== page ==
🌕 Angela’s Reflections:
Craving for existence is eternalism. We want to exist. This “I” wants to be. Because we want to be, there is a sense of “self” arising, and because there is a self, there will be the “other” who is not self, and not I. This is the start of dualistic thinking. We protect what is I, me, mine and myself. We either acquire (greed), or push away (aversion) what is not I, not me, not mine, and not myself.
Craving for non-existence is nihilism. Since we are wired dualistically, we may think that non-existing is therefore the answer to liberation. But Buddha taught that this view is nihilistic and is not liberation. Buddha taught the non-dualistic middle path that is neither eternalism nor nihilism. We learn to transcend duality of I/not I, either/or, this/that. This is awakening to reality as it is. This is the great freedom and great liberation.
🌱 Journal Reflection Prompts for You:
- 📝 Go deep. Examine how you continually create a sense of who you are. Who are you? Are you really those aspects? Who are you without those aspects? Keep peeling the onion.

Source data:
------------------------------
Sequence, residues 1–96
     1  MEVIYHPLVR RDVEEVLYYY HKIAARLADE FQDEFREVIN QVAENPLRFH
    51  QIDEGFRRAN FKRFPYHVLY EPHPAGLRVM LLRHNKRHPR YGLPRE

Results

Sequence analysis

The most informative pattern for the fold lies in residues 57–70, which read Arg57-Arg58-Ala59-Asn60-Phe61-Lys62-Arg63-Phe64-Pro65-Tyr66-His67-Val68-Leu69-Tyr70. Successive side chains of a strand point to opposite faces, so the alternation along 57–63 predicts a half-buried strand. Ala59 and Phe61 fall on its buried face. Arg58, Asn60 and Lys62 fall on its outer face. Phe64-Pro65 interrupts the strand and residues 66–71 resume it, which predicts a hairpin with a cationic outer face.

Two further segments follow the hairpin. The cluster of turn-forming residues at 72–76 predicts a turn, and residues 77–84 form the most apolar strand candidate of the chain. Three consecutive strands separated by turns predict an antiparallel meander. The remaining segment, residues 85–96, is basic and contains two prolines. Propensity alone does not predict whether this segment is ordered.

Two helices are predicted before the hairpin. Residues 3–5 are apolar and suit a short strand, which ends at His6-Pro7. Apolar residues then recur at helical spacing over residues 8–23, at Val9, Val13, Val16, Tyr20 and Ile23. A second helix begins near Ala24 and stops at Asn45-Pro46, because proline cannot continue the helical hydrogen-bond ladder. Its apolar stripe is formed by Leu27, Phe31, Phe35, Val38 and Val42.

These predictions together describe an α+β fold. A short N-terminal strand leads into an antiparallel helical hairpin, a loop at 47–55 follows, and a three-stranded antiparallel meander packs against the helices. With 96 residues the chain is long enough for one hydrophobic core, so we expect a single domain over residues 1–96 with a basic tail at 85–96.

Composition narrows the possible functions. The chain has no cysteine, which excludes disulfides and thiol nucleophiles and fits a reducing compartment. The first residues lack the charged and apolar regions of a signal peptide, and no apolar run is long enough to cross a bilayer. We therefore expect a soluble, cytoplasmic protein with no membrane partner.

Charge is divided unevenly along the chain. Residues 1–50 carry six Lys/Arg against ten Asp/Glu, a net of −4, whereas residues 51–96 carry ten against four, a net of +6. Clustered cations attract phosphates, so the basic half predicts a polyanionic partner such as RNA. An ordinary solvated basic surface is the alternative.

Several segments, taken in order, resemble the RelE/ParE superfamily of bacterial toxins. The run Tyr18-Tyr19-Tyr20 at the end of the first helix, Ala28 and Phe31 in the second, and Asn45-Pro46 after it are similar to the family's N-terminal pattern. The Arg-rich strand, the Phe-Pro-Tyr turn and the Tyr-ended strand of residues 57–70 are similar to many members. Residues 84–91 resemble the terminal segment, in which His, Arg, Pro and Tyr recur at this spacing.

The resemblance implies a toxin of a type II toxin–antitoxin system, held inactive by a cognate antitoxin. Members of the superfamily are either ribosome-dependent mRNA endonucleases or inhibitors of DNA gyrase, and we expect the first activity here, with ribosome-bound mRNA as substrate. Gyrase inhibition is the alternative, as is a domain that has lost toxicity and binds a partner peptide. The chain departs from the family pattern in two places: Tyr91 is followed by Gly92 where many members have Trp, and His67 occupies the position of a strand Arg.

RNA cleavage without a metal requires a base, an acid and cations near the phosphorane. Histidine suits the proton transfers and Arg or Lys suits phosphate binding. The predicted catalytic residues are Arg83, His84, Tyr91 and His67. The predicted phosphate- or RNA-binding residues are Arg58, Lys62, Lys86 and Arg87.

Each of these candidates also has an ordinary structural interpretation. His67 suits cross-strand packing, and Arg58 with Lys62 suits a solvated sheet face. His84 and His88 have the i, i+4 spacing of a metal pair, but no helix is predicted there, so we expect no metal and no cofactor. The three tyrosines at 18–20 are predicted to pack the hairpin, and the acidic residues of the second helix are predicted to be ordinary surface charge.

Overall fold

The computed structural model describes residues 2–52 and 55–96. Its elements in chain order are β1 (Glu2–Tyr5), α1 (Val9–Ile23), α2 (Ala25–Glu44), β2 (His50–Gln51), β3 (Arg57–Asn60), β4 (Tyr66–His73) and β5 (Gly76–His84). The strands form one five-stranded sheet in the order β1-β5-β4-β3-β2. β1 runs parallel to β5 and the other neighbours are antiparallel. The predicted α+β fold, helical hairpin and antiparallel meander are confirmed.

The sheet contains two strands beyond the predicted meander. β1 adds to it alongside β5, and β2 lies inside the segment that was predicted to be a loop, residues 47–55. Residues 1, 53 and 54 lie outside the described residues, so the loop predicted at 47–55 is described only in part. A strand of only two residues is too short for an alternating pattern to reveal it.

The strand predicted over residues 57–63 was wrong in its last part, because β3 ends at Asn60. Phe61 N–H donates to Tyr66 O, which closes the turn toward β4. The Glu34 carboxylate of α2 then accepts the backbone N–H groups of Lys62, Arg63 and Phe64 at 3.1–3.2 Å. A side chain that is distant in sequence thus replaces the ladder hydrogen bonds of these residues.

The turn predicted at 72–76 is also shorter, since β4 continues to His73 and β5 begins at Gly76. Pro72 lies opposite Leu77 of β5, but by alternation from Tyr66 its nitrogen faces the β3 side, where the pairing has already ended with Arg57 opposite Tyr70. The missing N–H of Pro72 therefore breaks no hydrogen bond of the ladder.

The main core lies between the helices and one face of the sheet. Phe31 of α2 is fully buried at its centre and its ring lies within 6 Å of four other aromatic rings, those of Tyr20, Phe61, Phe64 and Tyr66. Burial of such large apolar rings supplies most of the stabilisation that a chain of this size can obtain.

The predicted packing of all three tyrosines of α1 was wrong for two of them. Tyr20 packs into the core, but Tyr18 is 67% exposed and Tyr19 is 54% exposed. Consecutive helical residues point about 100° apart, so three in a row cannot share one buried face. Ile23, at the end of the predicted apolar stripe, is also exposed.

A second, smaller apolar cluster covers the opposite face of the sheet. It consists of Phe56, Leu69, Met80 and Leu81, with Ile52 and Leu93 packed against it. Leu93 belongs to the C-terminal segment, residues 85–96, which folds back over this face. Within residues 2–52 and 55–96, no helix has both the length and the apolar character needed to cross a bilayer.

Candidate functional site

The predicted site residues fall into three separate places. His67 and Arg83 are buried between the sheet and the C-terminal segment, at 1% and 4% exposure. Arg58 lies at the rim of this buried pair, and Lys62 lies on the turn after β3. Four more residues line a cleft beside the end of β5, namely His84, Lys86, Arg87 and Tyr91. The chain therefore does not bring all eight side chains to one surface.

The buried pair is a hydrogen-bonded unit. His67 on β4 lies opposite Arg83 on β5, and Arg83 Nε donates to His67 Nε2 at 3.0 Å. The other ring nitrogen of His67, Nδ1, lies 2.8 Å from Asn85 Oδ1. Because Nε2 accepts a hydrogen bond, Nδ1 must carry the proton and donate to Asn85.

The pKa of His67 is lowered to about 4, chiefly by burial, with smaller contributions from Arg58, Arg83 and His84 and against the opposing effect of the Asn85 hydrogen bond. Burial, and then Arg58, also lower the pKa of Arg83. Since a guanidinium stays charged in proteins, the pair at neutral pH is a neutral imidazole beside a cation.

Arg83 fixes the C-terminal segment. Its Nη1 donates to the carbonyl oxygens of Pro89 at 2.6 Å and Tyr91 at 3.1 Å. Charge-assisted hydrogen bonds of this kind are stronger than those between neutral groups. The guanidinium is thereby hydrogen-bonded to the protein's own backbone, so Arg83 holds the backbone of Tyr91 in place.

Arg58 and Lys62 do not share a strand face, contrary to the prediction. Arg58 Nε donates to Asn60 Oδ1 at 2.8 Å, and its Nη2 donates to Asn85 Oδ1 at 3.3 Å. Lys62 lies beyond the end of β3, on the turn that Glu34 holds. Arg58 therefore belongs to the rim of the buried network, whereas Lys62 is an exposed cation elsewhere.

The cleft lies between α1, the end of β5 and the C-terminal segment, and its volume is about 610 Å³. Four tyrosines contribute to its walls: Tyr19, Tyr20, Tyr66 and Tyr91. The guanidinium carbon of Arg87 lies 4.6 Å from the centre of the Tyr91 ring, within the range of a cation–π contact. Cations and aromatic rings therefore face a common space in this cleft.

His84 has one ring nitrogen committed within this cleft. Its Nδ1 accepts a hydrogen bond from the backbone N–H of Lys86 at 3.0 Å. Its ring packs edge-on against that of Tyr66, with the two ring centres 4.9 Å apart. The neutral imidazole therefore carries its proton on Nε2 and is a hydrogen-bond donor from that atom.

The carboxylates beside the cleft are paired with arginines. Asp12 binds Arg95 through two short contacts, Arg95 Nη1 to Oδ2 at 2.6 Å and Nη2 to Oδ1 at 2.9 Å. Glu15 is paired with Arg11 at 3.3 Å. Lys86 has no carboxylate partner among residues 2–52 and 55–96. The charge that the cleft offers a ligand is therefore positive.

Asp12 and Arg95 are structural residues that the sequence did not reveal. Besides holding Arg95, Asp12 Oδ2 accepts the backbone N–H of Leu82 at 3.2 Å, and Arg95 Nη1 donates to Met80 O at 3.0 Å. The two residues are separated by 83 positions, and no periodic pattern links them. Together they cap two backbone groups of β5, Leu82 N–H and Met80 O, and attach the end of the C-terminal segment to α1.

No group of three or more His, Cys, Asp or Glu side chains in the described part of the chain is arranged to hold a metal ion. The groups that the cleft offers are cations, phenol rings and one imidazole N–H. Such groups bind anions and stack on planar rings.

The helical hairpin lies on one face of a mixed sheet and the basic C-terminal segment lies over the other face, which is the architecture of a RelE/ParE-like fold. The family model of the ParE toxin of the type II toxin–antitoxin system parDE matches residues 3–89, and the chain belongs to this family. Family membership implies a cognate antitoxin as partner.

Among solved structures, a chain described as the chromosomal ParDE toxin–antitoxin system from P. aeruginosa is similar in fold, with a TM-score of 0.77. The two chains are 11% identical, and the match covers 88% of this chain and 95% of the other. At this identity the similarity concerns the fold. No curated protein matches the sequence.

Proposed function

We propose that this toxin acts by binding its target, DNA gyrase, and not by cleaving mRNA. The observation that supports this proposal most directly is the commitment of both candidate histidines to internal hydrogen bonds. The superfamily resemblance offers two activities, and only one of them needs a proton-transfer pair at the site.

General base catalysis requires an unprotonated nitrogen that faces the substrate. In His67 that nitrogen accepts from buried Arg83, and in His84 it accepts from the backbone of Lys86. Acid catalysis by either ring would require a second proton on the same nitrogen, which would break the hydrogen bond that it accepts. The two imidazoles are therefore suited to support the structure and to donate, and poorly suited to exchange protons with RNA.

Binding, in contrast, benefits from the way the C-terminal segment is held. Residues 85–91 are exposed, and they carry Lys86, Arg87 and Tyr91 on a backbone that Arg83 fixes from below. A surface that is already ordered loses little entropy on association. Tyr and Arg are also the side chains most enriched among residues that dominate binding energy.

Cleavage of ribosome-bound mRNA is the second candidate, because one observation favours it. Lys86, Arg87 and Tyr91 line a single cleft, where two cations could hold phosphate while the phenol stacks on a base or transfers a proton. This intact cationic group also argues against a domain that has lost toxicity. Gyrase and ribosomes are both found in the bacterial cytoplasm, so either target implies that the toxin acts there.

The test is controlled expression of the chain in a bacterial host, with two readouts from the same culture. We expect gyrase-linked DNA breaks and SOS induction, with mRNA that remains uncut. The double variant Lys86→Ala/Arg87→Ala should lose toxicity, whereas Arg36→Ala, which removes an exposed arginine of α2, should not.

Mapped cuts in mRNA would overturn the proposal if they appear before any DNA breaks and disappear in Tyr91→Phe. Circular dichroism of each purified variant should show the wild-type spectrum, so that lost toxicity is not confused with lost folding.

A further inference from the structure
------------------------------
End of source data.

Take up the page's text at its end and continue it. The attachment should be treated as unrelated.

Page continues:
- 📝 Examine your life and everything that is happening in our world. Can you see that it fundamentally boils down to a strong, solid sense of I, me, mine and myself, including my family, my identity, my resources, my feelings, my memories, my experience, etc.
- 📝 Have you ever experienced the “fading away of the subjective sense of selfness“? What was that like? What does that tell you about you and about what you hold onto as you?
- 📝What is mind, if it is neither existing nor non-existing?
Featured image, an AI-generated artwork, by Angela Ho.